Why Self-Published Book Covers Are Better Than You Think

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CompletelyNovel’s “Lord of the Book Covers” competition revealed that many indie authors are using the same professional designers as traditional houses.

By Sarah Juckes

Sarah Juckes

Sarah Juckes

There’s a tendency to think of self-published books as a bit of a joke, and it’s true that the poorly thought-out ebook covers unearthed by the Guardian in March this year gave us all a bit of a giggle. As reputations go however, this one is a bit unfair. Although it’s true that some authors, left to their own devices, can create rather dodgy designs, the majority of the authors I work with at CompletelyNovel.com take a professional approach to their books that matches high industry standards.

So when we launched a competition to find the “Lord of the Book Covers” from an international pool of self-published authors, the skeptics might have been surprised by the entries we received. When we announced the shortlist last week (see some of these covers below), there wasn’t a misplaced alien or sub-standard concept to be seen. These book covers were no joke. They were actually really good.

Indies Respond Directly to Consumer Tastes

Cover 3The main thing that this competition has demonstrated to us so far is that plenty of self-published authors know exactly what the industry — and, more importantly — their readers want from book covers. Since we announced the shortlist to the public, who can vote for their favorite cover, we’ve been inundated with engaged readers reacting positively to the book covers on show.

Thanks to the amount of advice and resources available to authors now, they are given the knowledge they need to think “like a publisher” and create a book that looks great and reads well. The ability to produce highly professional products helps bolster a potential advantage that indie publishers have over larger publishers: direct engagement with their audience. By selling direct-to-consumer and learning first hand from their readers, could they outsell traditionally published titles on a regular basis?

75% of Shortlisted Titles are Designed Professionally

Cover 1When authors entered their cover, we asked them how they designed it. Over half the entries were designed by someone other than the author, and of the twenty covers chosen for the shortlist, the number of authors who said their cover was designed professionally rose to 75%. Speaking to the authors involved, we found that some of them had even sought the services of the same designers used by traditional houses – something that is made much easier when publishers outsource design work and advertise this on the book cover.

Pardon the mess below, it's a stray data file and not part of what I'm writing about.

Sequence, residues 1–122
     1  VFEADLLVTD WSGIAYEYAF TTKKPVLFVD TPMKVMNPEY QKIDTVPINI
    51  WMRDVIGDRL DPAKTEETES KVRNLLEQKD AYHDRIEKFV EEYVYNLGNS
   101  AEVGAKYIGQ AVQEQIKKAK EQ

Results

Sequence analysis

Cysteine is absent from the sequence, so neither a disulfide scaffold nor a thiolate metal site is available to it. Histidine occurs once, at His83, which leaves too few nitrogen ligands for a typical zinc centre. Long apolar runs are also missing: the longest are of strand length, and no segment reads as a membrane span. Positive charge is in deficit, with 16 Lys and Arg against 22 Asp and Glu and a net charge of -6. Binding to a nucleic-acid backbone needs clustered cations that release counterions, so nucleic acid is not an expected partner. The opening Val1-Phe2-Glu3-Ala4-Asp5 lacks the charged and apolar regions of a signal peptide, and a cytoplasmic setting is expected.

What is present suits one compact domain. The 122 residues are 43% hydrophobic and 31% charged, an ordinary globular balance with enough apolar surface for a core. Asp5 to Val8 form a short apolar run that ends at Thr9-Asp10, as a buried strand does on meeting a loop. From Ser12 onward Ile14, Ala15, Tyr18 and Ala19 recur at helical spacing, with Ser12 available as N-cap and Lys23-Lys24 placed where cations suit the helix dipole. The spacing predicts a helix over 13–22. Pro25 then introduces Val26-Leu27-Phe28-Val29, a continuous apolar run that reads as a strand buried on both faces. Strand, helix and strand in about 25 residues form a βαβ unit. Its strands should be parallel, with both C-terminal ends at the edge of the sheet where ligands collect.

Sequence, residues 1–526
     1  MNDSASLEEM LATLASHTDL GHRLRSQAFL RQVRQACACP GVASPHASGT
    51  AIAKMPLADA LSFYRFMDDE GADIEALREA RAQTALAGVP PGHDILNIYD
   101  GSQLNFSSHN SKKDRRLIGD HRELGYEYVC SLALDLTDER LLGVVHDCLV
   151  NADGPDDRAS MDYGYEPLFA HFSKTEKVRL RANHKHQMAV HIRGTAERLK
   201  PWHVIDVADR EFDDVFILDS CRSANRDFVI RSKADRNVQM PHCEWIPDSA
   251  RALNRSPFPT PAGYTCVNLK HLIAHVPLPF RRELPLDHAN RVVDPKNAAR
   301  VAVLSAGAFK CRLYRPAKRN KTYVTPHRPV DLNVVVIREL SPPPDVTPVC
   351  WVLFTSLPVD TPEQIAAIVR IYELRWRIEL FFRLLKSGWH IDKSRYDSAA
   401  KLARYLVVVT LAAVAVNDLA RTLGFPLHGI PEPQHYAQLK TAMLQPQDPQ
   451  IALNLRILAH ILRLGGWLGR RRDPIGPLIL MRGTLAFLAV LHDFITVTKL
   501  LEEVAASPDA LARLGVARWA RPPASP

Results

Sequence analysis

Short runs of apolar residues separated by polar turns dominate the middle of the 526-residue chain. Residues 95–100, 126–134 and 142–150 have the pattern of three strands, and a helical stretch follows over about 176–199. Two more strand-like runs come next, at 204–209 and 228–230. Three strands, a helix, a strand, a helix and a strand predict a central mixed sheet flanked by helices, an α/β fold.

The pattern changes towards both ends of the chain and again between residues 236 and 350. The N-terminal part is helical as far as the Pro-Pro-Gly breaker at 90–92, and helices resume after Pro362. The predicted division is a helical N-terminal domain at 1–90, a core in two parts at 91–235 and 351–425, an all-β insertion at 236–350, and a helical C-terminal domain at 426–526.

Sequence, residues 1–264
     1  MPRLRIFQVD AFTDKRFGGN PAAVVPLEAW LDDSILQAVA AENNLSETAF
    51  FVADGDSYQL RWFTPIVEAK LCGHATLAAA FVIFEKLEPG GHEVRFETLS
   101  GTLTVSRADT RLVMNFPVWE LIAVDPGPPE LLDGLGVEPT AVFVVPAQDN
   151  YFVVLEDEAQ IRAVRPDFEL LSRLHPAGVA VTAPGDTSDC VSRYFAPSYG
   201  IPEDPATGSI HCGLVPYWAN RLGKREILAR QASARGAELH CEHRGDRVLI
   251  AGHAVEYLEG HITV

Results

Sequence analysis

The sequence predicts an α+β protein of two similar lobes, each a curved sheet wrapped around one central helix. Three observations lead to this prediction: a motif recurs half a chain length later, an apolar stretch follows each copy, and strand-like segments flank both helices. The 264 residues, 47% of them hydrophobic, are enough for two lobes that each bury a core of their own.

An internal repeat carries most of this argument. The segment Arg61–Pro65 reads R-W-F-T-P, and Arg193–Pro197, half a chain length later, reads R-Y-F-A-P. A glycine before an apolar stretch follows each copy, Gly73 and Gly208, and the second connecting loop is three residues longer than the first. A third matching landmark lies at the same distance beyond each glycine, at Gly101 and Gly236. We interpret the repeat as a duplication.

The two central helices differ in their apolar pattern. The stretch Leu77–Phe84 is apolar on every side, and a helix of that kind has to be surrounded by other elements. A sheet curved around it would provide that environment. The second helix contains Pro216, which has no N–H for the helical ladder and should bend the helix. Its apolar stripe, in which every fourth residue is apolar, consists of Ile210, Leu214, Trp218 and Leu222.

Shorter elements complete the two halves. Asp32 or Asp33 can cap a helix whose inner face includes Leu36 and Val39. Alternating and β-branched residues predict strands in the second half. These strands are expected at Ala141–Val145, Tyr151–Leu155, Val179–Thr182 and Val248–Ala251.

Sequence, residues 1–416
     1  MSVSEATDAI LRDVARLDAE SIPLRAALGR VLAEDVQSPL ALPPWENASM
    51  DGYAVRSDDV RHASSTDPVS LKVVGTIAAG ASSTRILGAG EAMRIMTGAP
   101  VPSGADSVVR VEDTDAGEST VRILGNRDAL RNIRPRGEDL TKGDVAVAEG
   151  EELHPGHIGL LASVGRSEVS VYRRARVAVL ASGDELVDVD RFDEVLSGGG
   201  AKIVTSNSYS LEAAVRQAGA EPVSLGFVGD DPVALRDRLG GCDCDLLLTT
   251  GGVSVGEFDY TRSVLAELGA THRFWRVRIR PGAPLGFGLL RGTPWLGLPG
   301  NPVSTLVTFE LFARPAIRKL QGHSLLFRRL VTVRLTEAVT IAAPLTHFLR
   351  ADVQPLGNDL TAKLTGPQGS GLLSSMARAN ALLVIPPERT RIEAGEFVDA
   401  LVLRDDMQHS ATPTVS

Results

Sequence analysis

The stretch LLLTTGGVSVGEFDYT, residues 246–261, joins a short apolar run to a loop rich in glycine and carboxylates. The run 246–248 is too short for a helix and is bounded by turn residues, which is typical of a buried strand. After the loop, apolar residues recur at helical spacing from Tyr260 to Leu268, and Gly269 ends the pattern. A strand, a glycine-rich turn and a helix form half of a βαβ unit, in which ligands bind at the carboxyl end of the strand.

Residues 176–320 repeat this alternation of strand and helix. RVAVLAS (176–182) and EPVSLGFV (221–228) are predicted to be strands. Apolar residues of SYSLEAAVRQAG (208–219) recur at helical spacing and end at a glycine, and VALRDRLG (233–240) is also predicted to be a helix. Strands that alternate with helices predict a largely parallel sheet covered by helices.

90% of Titles Submitted Were Fiction

Out of the covers submitted to the competition, only 10% of these were listed as nonfiction titles. With a bit more data, I’d be interested in comparing the percentage of nonfiction authors using professional cover design services to that of fiction authors. Would we see a rise in self-designed book covers in authors who have a very clear understanding of their client base and are relying on people searching for specific subjects? I can see the merits of this for business authors for example, where they have worked in that sector for a number of years and have a strong understanding of what their readers want.

It would be good, in any future book cover competitions that we run, to try and encourage more participation from nonfiction authors. I think the comparisons could be really interesting.

Authors are Entrepreneurs

Cover 2Out of the hundreds of books submitted, we found that 15% of the authors who ended up on the shortlist were referred by The Alliance of Independent Authors. There’s a high emphasis on quality at ALLi that is nurtured through information and content sharing. Over the last five years I’ve certainly seen a massive increase in the number of authors-as-entrepreneurs (“authorpreneurs”) arising — writers who are serious about the business of publishing and who are putting in the time and effort to learn about the business and to do it well – including calling on the services of others to provide the skills and insight that they might lack. From the quality of the covers on the competition shortlist, this does seem to be paying off.

We may not be quite at the point where we can call time on all cringeworthy covers, but for the most part, indie authors are creating designs that are able to stand up tall alongside their traditional counterparts. In terms of perception, hopefully the results of this competition will make a dent in the ‘jokey’ reputation of the indie author. More importantly however, I hope it’ll help other self-publishing authors become more aware of how important it is to learn about the business of creating a cover worthy of the title “Lord of the Book Covers.”

Voting is open to the public to find the “Lord of the Book Covers” until 18th October 2015.

Sarah Juckes is the Communications Manager for POD self-publishing platform, CompletelyNovel.com. For more information about CompletelyNovel’s innovative subscription-based publishing model and further opportunities for writers, see their website or connect on Twitter @CompletelyNovel.

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Guest Contributor

Guest contributors to Publishing Perspectives have diverse backgrounds in publishing, media and technology. They live across the globe and bring unique, first-hand experience to their writing.